Can machines learn stock investment signals?
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From chatbots to facial recognition security, machine learning (ML) is at the heart of many artificial intelligence (AI) breakthroughs. By teaching computers to solve problems in a way that is similar to humans, everyday tasks are made easier.
But can we train machines to identify signals that help us select our next (and best) stock purchases? Andrew Li, quantitative researcher for the Portfolio Management Research team at State Street Associates, revealed findings from his study on the opportunities and challenges of applying ML to investment decision-making.
The study focused on applying a consistent set of input variables to train three models – random forest, boosted trees and neural networks – to predict US large-cap stock monthly returns. A portfolio that consists of long top 50 and short bottom 50 stocks according to model predictions each month is constructed for back testing. The out-of-sample results identified strengths in the ML process.
What’s working: Scale and speed
A key benefit of ML is the ability to process large volumes of data much more quickly than humans can. This is true not only for historical stock market data or company information in the public domain, but also for non-traditional data sources such as news articles and social media content.
Through that analysis, patterns, trends and correlations emerge that can be used as signals for making investment decisions. However, meaningful signal creation depends heavily on how machines interpret information.
"Interpretability is essential for machine learning models to gain trust in practice,” Li explained. “We feel that interpretation needs to reveal dynamics about how factors and variables interact."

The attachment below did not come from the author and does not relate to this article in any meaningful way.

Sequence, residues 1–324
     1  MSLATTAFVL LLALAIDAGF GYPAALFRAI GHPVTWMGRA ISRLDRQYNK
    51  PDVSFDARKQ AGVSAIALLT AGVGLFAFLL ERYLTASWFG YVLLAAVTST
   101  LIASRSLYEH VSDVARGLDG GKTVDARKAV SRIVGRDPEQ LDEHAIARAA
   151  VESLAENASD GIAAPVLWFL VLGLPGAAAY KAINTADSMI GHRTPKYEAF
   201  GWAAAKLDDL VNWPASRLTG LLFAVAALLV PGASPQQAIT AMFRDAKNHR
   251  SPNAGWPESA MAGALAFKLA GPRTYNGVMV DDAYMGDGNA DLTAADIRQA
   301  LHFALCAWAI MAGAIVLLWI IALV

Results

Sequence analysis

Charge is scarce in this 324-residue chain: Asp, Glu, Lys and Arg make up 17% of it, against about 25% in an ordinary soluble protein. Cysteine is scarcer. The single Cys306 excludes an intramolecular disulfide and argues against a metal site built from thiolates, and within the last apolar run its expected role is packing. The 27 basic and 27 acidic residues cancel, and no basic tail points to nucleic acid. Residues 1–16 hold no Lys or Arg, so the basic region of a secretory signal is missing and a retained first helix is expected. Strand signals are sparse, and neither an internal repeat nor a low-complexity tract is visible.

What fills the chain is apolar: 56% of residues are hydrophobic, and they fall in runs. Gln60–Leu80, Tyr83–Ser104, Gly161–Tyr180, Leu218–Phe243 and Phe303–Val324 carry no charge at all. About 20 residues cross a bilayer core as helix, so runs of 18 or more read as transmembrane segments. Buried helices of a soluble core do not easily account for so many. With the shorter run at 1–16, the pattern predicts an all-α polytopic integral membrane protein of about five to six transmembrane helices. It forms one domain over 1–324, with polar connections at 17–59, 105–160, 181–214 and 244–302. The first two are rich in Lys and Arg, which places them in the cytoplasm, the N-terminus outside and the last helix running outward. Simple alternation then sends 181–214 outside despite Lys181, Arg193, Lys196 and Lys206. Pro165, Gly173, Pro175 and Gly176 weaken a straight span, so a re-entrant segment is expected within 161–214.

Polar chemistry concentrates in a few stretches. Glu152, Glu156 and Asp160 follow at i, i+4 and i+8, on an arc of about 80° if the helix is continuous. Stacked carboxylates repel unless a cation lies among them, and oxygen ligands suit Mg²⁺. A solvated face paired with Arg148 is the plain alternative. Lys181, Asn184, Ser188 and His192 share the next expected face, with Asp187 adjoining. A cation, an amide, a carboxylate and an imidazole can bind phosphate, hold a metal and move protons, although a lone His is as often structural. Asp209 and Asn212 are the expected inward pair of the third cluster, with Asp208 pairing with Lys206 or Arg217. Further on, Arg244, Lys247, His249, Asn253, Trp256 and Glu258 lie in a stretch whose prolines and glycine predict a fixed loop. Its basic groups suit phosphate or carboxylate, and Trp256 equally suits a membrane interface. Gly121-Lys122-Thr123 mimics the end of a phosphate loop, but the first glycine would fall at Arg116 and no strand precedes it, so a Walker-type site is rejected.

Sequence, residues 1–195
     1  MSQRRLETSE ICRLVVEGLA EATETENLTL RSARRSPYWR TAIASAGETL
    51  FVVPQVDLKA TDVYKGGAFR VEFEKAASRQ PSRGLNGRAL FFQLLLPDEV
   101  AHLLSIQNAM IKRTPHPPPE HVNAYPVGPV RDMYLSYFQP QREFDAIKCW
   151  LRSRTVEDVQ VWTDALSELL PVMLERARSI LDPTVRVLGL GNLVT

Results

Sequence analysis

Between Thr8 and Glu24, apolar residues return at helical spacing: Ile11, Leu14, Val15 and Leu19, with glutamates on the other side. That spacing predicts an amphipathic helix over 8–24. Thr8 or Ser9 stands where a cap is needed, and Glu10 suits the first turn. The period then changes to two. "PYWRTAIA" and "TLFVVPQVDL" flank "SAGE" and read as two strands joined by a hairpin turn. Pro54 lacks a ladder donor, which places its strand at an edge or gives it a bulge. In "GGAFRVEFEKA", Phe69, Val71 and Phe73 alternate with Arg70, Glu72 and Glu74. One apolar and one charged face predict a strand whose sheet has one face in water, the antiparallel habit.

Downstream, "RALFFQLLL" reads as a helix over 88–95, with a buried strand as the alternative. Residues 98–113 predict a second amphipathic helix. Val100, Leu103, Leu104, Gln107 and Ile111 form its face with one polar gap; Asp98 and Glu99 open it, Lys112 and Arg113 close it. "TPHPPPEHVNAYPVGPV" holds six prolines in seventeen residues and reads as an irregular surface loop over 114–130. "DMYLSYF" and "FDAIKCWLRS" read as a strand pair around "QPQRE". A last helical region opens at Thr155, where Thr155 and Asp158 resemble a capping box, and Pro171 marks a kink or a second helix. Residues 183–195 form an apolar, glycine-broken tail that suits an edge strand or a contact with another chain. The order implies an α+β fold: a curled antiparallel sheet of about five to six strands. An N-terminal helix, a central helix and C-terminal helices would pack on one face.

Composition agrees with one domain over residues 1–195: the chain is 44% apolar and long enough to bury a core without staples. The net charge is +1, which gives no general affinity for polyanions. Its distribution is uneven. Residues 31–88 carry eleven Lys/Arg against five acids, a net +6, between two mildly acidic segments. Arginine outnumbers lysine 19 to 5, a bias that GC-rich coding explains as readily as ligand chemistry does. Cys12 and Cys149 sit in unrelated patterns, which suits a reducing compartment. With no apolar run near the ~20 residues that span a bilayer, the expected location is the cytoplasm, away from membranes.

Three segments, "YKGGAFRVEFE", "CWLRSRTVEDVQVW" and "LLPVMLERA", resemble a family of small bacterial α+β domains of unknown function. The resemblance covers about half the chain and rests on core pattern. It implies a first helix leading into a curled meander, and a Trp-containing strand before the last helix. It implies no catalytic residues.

What’s needed: Trust and transparency
While the opportunities are intriguing, Li noted a number of barriers that could slow adoption of ML models in selecting investments. Financial markets face a unique set of challenges, starting with data sets that are relatively small in comparison to other industries.
There is also a huge demand for transparency, which is not a straightforward task. Given markets’ non-stationary and adaptive characteristics, using historical data can be difficult.
Shifting business models add to the complexity and the need for smarter, better ML tools. “By applying natural language processing and clustering models, for example, we can develop stock grouping schemes that are dynamic and data-driven,” Li said.
Through ML, machines can analyze large volumes of data to identify trends and correlations that can provide an information edge. While machines can be trained to recognize patterns and predict future market movements, there is a need for deeper intelligence.
Importantly, we need to see what is going into the models to gauge the accuracy of the predictions. Our Model Fingerprint tool deconstructs and realigns predictions to compare linear, non-linear and interaction subcomponents more easily, and better quantify analysis. Since it is model-agnostic, the tool can be implemented in the same way to any model, making analysis more efficient.
“We have to open the black box and get an understanding of what is going on inside the machine,” Li said. “That’s the best way to ensure minds and machines work together for better outcomes.”